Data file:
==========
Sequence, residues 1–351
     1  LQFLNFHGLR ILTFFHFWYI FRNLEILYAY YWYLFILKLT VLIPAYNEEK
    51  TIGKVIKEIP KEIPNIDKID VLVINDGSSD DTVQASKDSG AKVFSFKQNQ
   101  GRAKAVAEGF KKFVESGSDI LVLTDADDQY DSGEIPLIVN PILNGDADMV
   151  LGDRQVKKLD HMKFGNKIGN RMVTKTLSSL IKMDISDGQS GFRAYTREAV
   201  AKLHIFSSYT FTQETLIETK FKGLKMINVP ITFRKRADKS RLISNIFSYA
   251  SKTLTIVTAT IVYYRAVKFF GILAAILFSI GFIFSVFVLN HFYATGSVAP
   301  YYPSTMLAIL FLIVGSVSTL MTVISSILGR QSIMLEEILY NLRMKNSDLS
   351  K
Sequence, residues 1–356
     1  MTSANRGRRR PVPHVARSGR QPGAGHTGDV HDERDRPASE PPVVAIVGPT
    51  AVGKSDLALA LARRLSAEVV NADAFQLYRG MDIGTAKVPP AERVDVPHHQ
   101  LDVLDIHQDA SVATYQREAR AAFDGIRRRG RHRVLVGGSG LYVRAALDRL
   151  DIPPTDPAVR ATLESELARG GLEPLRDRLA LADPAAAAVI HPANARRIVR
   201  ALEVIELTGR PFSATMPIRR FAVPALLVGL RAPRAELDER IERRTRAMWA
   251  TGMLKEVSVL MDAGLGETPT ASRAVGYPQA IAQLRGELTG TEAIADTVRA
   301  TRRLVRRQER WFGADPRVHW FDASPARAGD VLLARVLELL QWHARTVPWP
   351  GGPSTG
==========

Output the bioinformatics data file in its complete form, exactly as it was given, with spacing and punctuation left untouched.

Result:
Sequence, residues 1–351
     1  LQFLNFHGLR ILTFFHFWYI FRNLEILYAY YWYLFILKLT VLIPAYNEEK
    51  TIGKVIKEIP KEIPNIDKID VLVINDGSSD DTVQASKDSG AKVFSFKQNQ
   101  GRAKAVAEGF KKFVESGSDI LVLTDADDQY DSGEIPLIVN PILNGDADMV
   151  LGDRQVKKLD HMKFGNKIGN RMVTKTLSSL IKMDISDGQS GFRAYTREAV
   201  AKLHIFSSYT FTQETLIETK FKGLKMINVP ITFRKRADKS RLISNIFSYA
   251  SKTLTIVTAT IVYYRAVKFF GILAAILFSI GFIFSVFVLN HFYATGSVAP
   301  YYPSTMLAIL FLIVGSVSTL MTVISSILGR QSIMLEEILY NLRMKNSDLS
   351  K
Sequence, residues 1–356
     1  MTSANRGRRR PVPHVARSGR QPGAGHTGDV HDERDRPASE PPVVAIVGPT
    51  AVGKSDLALA LARRLSAEVV NADAFQLYRG MDIGTAKVPP AERVDVPHHQ
   101  LDVLDIHQDA SVATYQREAR AAFDGIRRRG RHRVLVGGSG LYVRAALDRL
   151  DIPPTDPAVR ATLESELARG GLEPLRDRLA LADPAAAAVI HPANARRIVR
   201  ALEVIELTGR PFSATMPIRR FAVPALLVGL RAPRAELDER IERRTRAMWA
   251  TGMLKEVSVL MDAGLGETPT ASRAVGYPQA IAQLRGELTG TEAIADTVRA
   301  TRRLVRRQER WFGADPRVHW FDASPARAGD VLLARVLELL QWHARTVPWP
   351  GGPSTG